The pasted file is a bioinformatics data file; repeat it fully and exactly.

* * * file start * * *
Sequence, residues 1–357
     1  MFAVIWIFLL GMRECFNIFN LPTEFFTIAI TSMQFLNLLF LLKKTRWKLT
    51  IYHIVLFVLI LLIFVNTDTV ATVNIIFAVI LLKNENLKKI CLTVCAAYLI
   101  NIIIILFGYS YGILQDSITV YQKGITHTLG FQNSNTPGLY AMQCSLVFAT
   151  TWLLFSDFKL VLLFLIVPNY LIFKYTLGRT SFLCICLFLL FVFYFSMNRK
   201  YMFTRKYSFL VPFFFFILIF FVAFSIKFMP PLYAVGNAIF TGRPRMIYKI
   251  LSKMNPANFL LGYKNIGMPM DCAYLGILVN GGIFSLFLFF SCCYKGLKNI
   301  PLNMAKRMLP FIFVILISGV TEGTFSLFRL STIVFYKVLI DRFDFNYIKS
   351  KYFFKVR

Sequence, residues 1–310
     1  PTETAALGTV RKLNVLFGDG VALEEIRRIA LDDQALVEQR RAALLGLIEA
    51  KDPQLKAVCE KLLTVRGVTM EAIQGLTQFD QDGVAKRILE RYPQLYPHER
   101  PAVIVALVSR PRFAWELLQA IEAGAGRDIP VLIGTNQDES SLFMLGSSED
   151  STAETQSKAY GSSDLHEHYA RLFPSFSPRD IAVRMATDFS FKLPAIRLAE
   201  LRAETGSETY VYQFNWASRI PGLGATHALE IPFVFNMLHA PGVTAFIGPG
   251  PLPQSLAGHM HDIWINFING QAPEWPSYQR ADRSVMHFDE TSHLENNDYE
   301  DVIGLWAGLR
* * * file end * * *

Sequence, residues 1–357
     1  MFAVIWIFLL GMRECFNIFN LPTEFFTIAI TSMQFLNLLF LLKKTRWKLT
    51  IYHIVLFVLI LLIFVNTDTV ATVNIIFAVI LLKNENLKKI CLTVCAAYLI
   101  NIIIILFGYS YGILQDSITV YQKGITHTLG FQNSNTPGLY AMQCSLVFAT
   151  TWLLFSDFKL VLLFLIVPNY LIFKYTLGRT SFLCICLFLL FVFYFSMNRK
   201  YMFTRKYSFL VPFFFFILIF FVAFSIKFMP PLYAVGNAIF TGRPRMIYKI
   251  LSKMNPANFL LGYKNIGMPM DCAYLGILVN GGIFSLFLFF SCCYKGLKNI
   301  PLNMAKRMLP FIFVILISGV TEGTFSLFRL STIVFYKVLI DRFDFNYIKS
   351  KYFFKVR

Sequence, residues 1–310
     1  PTETAALGTV RKLNVLFGDG VALEEIRRIA LDDQALVEQR RAALLGLIEA
    51  KDPQLKAVCE KLLTVRGVTM EAIQGLTQFD QDGVAKRILE RYPQLYPHER
   101  PAVIVALVSR PRFAWELLQA IEAGAGRDIP VLIGTNQDES SLFMLGSSED
   151  STAETQSKAY GSSDLHEHYA RLFPSFSPRD IAVRMATDFS FKLPAIRLAE
   201  LRAETGSETY VYQFNWASRI PGLGATHALE IPFVFNMLHA PGVTAFIGPG
   251  PLPQSLAGHM HDIWINFING QAPEWPSYQR ADRSVMHFDE TSHLENNDYE
   301  DVIGLWAGLR